A senior official of the Shia rebel group fighting the internationally recognized Yemeni government has denied recent reports that his group has entered into dialogue with Saudi Arabia to end the war.
Saudi Arabia is leading an international coalition that is trying to reinstate the government of President Abdrabbouh Mansour Hadi.
Two diplomatic sources in addition to two officials from the internationally recognized government recently told Reuters that senior Houthi officials have met with Saudi officials on neutral ground, in Oman.
“There are consultations between the Houthis and the Saudis, without a representative of the internationally recognized government, and it is clear that there is a desire of the Houthis and the coalition to go toward a comprehensive agreement,” one diplomat told Reuters.
Rebel figure, Saleh al-Samad, head of the Supreme Political Council rejected the claim.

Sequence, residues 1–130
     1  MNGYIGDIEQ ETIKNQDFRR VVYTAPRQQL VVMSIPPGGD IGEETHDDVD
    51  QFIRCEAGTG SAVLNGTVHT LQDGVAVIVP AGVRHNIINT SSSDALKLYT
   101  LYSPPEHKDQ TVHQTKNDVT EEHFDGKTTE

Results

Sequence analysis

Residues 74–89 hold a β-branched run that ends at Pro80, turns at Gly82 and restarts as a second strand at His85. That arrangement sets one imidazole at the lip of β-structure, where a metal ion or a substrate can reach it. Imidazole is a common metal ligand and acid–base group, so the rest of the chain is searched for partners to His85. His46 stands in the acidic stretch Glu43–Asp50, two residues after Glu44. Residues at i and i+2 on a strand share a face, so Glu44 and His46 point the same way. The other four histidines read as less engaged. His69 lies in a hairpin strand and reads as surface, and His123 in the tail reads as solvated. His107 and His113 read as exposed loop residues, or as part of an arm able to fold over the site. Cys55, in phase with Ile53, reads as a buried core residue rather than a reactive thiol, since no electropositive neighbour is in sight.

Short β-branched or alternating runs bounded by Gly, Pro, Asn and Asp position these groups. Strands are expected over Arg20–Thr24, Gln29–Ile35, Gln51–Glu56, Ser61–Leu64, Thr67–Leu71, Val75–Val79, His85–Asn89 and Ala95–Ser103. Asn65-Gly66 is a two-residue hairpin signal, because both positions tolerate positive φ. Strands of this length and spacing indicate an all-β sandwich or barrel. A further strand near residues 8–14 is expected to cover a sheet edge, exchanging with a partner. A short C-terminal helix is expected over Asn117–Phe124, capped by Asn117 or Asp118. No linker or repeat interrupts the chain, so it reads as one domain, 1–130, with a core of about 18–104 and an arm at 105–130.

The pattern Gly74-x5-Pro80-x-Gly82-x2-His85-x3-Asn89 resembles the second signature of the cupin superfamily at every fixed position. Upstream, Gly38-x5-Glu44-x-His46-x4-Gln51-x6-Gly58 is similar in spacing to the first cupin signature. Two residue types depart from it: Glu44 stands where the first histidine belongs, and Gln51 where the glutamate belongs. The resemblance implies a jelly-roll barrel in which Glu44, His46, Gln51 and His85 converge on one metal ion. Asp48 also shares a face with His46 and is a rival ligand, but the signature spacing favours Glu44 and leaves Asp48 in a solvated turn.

“There are those who say that [Houthi spokesman] Mohammed Abdul-Salam wants to blackmail us and we know that Saudi Arabia is not ready for peace and that its decision is not in its own hands. Otherwise we would sit at the negotiating table,” he said.
Yemen slid into conflict in 2015 after the rebels backed by Iran took control of capital Sanaa driving out President Mansour Hadi who settled in Saudi Arabia. He last visited his country in February 2017.
The conflict has left around 10,000 people dead and international pressure has been heaping on Saudi Arabia to halt its campaign.
Houthis had balked at talking peace with Riyadh. The Iran-backed rebels killed in early December former President Ali Abdullah Saleh. Saleh was killed for turning his back to the rebels after trying to forge an alliance with Riyadh.
The diplomatic sources said that the Saudi-Houthi dialogue has been ongoing for two months, The New Arab reports, recalling that direct talks between the rebels and the Hadi government have collapsed. Latest talks took place in August last year.